FIGURE 3 illustrates a conventional buffer stop assembly which has been modified to include the novel elastic cushion of the invention. A rigid shaped buffer holder 74 is provided having a conventional U-shaped leather buffer 8 mounted thereon and held securely in place by bolts 10 which seat in the sides of the shaped buffer holder 7. The central portion of the butter holder 7 is recessed and a plurality of alternating cellular polyurethane rubber layers 3 and leather layers 4 are placed therein between the conventional leather buffer 8 and the buffer support 7. Bolts 9 are provided to hold the alternating layers firmly in position. The bolts 9 successively pass through a relatively tlat easily removable leather member 11, the conventional leather buffer 8, into notches provided in the alternating layers of the buffer stop as best shown in FIGURE 4.
Any suitable cellular polyurethane rubber may be used in accordance with the invention provided the cellular polyurethane rubber has a density of at least about 20 pounds per cubic foot and is prepared by reactingr a substantially linear hydroxyl polyester of the alkyd type with an excess of an organic diisocyanate and subsequently adding to the reactive mixture a polyhydric alcohol and water followed by curing at elevated temperatures. Any suitable formulation may be used to produce the cellular polyurethane rubber layers contained in the butler stops of the invention. Suitable starting materials for cellular polyurethane rubber have been disrclosed in the literature, such as United States Patents 2,620,516; 2,621,166; 2,729,618; 2,764,565; and 2,778,810; the disclosure of which is incorporated herein by reference.
The following example illustrates the preparation of one cellular polyurethane rubber adapted to serve as the material of the cellular polyurethane rubber layers of the butter stops of the invention, but it is to be understood that the formulation is given by way of illustration, and not of limitation.
Example 1 1,000 parts by weight of an hydroxyl polyester obtained by thermal esteritication of about 11 mols of adipie acid with about 12 mols of ethylene glycol and having an hydroxyl number of about 52 and an acid number of about 1 are heated at a temperature of about 135 C. and under a vacuum of about 12 mm. until the formation of bubbles has stopped and the polyester is completely free from water. Now, 200 parts by weight of naphthalene-l,S-diisocyanate are added to the dehydrated polyester at 135 C. While stirring. As soon as the temperature starts to drop, 20 parts of butylcne glycol-1,4 are stirred into the mixture within a period of one minute at about 130 C. and subsequently 6 parts by weight of water are added While stirring. The resulting mixture forms a foamed or cellular polyurethane rubber on standing and is cured at a temperature of about 110 C. for about 24 hours.
Although the invention has been described in considerable detail in the foregoing for the purpose of illustration, it is to be understood that such detail is solely for this purpose and that variations can be made therein by those skilled in the art without departing from the spirit and scope of the invention except as is set forth in the claims.
While the resiliency of the cellular polyurethane rubber layers may vary within Wide limits, it is preferred that the resiliency of the cellular polyurethane be from about 35% to about 75%.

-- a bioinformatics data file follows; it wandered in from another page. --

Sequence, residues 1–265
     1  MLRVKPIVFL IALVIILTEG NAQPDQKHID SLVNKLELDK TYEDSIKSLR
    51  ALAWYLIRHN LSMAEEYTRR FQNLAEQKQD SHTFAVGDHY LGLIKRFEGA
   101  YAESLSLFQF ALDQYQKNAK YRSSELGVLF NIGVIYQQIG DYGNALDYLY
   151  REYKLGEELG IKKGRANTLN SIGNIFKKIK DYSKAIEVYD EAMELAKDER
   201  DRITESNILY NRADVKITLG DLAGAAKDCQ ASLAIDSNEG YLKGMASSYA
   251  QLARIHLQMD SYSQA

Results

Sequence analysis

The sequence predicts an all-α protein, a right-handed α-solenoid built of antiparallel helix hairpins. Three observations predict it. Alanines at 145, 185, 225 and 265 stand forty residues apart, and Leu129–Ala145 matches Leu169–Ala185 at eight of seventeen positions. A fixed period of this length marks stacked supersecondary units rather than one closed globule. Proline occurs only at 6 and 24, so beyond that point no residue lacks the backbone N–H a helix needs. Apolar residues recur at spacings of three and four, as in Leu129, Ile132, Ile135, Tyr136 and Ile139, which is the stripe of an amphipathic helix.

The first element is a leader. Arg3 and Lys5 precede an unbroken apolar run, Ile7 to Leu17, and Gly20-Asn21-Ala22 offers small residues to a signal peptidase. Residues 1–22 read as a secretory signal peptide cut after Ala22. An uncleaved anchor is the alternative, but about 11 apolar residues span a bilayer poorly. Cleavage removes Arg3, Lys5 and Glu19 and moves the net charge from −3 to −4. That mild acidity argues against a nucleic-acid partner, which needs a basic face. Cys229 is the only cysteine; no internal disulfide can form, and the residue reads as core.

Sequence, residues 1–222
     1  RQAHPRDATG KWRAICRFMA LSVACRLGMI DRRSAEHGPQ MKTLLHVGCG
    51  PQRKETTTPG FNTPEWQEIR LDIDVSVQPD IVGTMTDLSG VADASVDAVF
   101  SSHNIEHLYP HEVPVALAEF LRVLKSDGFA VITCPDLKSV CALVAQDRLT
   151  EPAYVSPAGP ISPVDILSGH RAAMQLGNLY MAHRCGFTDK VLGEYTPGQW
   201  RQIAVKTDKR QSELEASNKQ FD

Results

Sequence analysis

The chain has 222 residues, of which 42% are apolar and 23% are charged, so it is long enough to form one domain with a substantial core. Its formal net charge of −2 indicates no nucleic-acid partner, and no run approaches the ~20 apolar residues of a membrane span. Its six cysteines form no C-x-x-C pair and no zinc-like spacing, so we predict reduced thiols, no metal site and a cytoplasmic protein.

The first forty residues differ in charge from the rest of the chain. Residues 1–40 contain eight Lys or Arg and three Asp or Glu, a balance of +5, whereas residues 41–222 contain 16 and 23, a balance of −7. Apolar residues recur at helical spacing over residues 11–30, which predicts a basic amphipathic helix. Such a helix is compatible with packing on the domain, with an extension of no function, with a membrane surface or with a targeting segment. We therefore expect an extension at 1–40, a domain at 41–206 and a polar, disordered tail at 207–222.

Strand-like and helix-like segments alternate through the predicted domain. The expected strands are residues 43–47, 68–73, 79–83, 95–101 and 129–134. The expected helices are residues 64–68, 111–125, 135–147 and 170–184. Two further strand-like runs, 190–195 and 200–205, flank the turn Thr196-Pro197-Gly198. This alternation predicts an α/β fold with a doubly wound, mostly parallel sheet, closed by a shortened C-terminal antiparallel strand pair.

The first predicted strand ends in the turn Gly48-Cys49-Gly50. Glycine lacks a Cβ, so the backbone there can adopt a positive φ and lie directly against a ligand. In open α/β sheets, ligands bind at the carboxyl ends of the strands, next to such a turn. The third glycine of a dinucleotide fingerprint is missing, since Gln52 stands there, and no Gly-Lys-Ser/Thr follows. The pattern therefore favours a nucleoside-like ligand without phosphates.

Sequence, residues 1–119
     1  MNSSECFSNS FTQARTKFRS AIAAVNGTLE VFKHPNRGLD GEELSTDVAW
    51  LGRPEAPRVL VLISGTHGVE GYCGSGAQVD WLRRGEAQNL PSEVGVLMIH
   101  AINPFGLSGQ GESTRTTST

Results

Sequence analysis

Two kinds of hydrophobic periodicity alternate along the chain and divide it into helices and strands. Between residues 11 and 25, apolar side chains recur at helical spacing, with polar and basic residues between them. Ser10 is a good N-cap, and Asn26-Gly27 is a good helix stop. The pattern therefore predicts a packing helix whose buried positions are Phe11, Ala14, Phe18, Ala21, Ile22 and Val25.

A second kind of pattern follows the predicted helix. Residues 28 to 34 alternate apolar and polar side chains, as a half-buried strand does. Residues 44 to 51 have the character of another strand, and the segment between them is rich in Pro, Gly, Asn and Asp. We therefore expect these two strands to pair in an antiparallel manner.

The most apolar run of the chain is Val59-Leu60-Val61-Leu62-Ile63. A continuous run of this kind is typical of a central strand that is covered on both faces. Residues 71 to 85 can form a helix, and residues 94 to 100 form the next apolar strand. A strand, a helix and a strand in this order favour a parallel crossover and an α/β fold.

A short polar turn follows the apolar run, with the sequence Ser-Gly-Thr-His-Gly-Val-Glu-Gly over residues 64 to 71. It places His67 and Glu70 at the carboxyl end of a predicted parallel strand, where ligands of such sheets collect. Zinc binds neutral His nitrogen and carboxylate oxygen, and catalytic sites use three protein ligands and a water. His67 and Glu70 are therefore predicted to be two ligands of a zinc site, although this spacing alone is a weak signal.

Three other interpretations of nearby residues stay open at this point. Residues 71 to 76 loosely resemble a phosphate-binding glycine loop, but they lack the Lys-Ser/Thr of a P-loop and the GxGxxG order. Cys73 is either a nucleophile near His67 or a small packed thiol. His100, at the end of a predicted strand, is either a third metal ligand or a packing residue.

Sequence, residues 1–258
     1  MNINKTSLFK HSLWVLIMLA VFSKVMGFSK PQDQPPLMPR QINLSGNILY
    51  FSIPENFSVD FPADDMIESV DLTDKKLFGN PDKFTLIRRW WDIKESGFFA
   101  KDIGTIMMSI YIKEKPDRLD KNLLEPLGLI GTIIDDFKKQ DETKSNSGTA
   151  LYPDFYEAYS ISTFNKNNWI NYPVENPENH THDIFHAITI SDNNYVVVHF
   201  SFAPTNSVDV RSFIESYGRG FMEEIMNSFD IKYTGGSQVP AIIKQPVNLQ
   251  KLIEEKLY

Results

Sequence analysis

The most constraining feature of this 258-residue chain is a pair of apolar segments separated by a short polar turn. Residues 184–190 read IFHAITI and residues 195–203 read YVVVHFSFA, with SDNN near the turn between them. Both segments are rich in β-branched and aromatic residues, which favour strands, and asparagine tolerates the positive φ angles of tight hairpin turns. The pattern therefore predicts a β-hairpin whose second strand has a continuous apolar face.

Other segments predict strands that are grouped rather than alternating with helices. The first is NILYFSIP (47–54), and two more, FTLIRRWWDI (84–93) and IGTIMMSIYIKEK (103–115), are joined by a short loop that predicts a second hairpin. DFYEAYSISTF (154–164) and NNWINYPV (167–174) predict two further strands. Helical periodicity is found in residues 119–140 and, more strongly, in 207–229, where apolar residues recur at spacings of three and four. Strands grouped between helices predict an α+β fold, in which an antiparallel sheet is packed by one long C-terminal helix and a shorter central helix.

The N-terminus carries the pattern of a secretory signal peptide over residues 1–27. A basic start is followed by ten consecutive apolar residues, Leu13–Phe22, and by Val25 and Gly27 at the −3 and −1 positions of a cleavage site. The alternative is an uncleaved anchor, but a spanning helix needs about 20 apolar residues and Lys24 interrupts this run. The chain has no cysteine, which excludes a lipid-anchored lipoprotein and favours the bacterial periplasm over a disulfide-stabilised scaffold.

What is claimed is:
1. A buler stop for a loom adapted to check the movement of a picker stick which comprises a support member and an elastic cushion including a plurality of leather layers and cellular elastic polyurethane layers arranged alternately and disposed on said support member, said polyurethane layers having a density of at least about 20 pounds per cubic foot, the layer furthest removed from said support member being leather, the edges of substantially all of said layers having a plurality of notches and a plurality of stud members secured to said support member and disposed within said notches for holding said plurality of layers in position.
2. The buffer stop of claim l in which said plurality of layers are held under compression.
3. The buffer stop according to claim 1, wherein said cushion comprises a plurality of elements, each element comprising a layer of a cellular elastic polyurethane rubber adhesively bonded to a layer of leather.
4. The buter stop according to claim l, wherein said cellular elastic polyurethane rubber layers have equal thickness.
5. The buffer stop according to claim l, wherein said cellular elastic polyurethane rubber layers have unequal thickness.
6. The butter stop according to claim 1, wherein said layers are adhesively bonded together, thereby forming a one-piece cushion.
7. The buffer stop according to claim l, wherein the layer furthest removed from the support member cornprises an easily removable layer of leather.
8. A butler stop for a loom adapted to check the movement of a picker stick which comprises a support member and an elastic cushion including a plurality of leather layers and cellular polyurethane layers arranged alternately and disposed on said support member, said polyurethane layers having a density of at least about 20 pounds per cubic foot, the layer furthest removed from said support member being leather, the edges of substantially all of said layers having a plurality of notches and a plurality of stud members secured to said support member and disposed within said notches for holding said plurality of layers in position, said cellular polyurethane layers having different elasticities.
References Cited in the tile of this patent UNITED STATES PATENTS 798,860 Allen Sept. 5, 1905 973,132 Northrop Oct. 18, 1910 2,754,852 Moore July 17, 1956 2,847,037 `Picanol Aug. 12, 1958 i FOREIGN PATENTS 543,727 Belgium Ian. 14, 1956 OTHER REFERENCES 3 New Foams Modern Plastics, vol. 30, No. 8, April 1953, pages -87.